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Battling the Avalanche of Cyber-Attacks

March 23, 2013

Within the last month, both the European Commission and the White House have proposed new policies designed to halt the recent avalanche of cyber-attacks. While facing similar cyber threats, the two are planning very different ways in dealing with the problem. On the one side of the base camp stands the US; ready to get on the offense by blowing up the snow-covered mountaintop. On the other side stands Europe, building snow walls, hoping that the snow nets will be supportive enough to protect the valley against a disastrous avalanche. 

While the value of offensive cyber capabilities has been labeled as overrated, Europe is making a mistake by limiting itself to self-protection measures and by choosing not to cooperate more closely with the US’s CYBERCOMs offensive plans to charge the summit.

Pentagon’s Blowout Option

Last week, the Pentagon approved a major expansion of its offensive cyber-warfare force. During the State of the Union address, the US President and Nobel peace prize laureate announced that the US is ready to conduct offensive cyber operations against foreign adversaries. Sure, this could just be simple rhetoric. However, the growing interest of US offensive operations is bringing (lucrative) changes in the US cyber-security industry. On Monday, Stockholm International Peace Research Institute (SIPRI) released their annual “Top 100 Arms Sales” report, which places cyber security capabilities within the top 100 trendiest “must-haves” for this season.

Pentagon is also working on more lenient rules of engagement for the offensive cyber-warfare doctrine. General Keith Alexander whom heads both the Cyber Command and the National Security Agency has often called for greater flexibility in “taking the attack to the enemy”. With a budget of $3.4 billion for next year, the ‘flexibility’ is certainly there.

Since Europe lacks US’s “flexibility”, most of Brussels’ policy makers asks: Why climb up the mountain and conduct a preemptive blow if the snow is not causing any major harm? Well, for now at least.

Oh, Those European Safety Nets

On the European side of the mountain, the value of offensive capabilities seems overrated and unnecessary. In short, the European Commission only looks at offensive cyber-warfare as a supporting crutch out of many other tools used in war. For the EU, improving attribution of cyber-attacks is the higher priority – meaning finding out from where the avalanche typically starts at and why. (One hint is to look at that recently discovered Chinese P.L.A. “Unit 6139” whom are hacking at the ice cracks.) For Europe, getting caught is a deterrent strong enough which state actors do take seriously.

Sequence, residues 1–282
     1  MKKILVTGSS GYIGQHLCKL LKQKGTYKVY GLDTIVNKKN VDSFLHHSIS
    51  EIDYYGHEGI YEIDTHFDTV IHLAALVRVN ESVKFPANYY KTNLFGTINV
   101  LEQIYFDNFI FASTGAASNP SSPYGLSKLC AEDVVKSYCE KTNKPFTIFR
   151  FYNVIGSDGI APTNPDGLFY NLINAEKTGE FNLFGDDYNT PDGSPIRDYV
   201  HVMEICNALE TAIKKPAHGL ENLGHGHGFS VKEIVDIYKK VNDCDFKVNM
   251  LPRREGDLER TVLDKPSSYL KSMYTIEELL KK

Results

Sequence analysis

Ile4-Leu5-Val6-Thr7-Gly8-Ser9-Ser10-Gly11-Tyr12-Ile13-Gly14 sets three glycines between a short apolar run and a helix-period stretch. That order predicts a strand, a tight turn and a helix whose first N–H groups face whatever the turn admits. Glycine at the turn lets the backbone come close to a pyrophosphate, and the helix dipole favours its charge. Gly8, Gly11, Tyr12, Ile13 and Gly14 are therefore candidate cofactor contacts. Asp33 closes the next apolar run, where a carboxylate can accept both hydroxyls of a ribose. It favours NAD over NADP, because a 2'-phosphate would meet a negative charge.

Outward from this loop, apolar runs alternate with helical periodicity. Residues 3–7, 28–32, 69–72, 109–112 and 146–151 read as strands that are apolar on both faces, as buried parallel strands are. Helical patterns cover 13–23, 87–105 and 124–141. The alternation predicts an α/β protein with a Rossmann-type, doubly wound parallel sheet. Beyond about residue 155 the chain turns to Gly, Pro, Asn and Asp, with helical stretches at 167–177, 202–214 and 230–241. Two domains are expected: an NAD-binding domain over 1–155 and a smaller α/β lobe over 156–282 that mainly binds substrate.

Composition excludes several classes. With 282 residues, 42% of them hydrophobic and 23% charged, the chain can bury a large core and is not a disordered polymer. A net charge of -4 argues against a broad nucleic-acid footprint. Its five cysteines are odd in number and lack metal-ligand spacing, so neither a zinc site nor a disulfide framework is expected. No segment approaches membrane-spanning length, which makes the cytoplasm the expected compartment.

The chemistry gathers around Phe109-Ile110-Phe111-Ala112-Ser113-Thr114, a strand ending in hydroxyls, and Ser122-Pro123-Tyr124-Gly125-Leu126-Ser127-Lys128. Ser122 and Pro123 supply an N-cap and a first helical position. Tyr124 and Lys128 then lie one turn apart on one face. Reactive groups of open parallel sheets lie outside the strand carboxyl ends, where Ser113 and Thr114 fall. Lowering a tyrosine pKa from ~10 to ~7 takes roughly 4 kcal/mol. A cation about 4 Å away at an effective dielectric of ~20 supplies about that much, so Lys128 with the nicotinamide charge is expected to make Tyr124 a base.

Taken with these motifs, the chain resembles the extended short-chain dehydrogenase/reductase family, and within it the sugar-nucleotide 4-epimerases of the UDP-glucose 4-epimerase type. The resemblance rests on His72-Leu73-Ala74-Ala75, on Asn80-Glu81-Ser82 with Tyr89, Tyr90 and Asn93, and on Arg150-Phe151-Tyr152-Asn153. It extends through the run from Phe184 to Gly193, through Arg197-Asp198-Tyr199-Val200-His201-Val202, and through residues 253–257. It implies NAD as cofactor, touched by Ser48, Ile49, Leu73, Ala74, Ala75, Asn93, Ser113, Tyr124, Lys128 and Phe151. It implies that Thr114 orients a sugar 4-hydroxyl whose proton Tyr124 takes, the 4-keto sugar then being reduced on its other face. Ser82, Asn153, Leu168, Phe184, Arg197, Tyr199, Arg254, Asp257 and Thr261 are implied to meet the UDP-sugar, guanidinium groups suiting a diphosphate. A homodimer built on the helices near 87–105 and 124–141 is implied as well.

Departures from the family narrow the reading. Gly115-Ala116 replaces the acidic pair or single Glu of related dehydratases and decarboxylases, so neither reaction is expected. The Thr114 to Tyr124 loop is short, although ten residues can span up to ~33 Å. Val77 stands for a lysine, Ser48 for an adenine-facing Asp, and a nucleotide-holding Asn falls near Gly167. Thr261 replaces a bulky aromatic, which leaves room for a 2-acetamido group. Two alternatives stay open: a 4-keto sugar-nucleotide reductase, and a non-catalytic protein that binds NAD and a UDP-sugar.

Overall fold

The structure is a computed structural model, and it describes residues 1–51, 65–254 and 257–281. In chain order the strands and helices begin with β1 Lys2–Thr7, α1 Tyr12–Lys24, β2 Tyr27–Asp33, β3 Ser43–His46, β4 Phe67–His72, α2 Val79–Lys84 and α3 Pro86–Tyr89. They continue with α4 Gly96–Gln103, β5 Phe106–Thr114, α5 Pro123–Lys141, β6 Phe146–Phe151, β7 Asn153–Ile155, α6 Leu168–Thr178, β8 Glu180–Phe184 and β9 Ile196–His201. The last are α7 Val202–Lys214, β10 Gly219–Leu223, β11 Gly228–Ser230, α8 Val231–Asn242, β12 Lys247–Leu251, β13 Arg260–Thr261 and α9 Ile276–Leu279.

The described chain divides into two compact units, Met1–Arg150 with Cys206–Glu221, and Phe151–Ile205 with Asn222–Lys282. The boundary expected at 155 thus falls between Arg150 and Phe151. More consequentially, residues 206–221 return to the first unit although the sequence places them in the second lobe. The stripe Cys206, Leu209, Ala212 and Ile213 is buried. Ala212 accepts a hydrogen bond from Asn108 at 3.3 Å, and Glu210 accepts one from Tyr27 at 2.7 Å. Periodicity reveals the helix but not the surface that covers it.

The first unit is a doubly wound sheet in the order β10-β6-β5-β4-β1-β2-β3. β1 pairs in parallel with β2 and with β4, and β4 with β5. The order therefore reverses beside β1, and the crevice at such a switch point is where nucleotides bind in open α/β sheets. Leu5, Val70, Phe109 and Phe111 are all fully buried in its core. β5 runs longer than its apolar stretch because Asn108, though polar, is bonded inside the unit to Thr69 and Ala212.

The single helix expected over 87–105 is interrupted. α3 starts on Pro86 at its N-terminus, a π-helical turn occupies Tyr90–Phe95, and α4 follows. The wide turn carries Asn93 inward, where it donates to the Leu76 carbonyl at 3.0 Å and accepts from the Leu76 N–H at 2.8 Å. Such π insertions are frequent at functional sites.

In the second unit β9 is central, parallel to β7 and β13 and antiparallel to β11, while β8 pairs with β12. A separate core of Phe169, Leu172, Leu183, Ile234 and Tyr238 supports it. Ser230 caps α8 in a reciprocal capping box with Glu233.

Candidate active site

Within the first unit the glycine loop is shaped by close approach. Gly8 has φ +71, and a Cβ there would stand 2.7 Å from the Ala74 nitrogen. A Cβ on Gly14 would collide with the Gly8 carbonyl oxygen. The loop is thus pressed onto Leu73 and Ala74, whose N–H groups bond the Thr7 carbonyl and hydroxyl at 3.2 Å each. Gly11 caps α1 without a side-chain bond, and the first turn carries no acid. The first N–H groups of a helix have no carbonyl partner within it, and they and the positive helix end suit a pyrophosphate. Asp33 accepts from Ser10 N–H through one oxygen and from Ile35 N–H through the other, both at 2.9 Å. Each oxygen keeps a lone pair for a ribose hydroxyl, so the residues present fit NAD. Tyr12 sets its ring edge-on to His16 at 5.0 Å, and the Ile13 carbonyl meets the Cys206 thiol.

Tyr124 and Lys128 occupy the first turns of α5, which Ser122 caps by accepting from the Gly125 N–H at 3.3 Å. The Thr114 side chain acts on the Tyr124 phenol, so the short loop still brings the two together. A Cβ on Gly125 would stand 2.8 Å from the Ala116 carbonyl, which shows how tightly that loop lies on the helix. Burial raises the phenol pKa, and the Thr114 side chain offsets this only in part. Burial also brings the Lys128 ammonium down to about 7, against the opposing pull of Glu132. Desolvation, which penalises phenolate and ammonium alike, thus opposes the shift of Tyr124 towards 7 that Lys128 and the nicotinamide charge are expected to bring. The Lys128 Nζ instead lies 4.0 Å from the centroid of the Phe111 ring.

However, given that cyber-attacks can be launched from almost anywhere and using proxies, attribution will remain the most difficult capability to develop. Analyzing the contexts, motives, technological capabilities and with appropriate response within international law is another set of challenges. Finally, as skilled cyber-security experts is not an abundant commodity and whom governments typically do not carefully invest in, it will take years to develop skills to even cover the basic parts of the dangers lurking at the glacial mountain.

Getting Caught with your Fingers in the Cookie Jar

Besides the fear of getting caught with your fingers in the cookie jar, perhaps the EU’s greatest reluctance to cooperate with the US to develop a common offensive cyber-warfare doctrine is because of the US’s mentality that “offense beats defense” is not compatible with Europe’s pre-cautionary, “lets-follow-international-law” thinking. As Martin C. Libicki at RAND Corporation argues, there is no persuasive argument to develop an offensive weapon simply because a potential adversary has one. First, it is hard to know what others have. Second, the best response to an offensive cyber-attack is to fix the leaking holes in the safety net. In addition, neither China nor Russia has been particularly deterred by getting caught eating America’s and Europe’s cookies.

Hiking Up the Hill Together?

The question becomes what role an offensive cyber-warfare doctrine will play going forward and why Europe should join the US on the hike up the mountain to explore the blowout options. Perhaps both base camps can share their knowledge of how the mountain looks like form both sides; perhaps they could learn from each other’s experiences of past destructive avalanches; or perhaps even split the costs throughout the journey of developing a comprehensive offense doctrine.  Europe would be wise to join the US on their preemptive attempts to control the avalanche. For now Europe’s protective snow nets are letting through lots of ice and the avalanche rushing down uncontrollably is damaging crucial infrastructure in its path.


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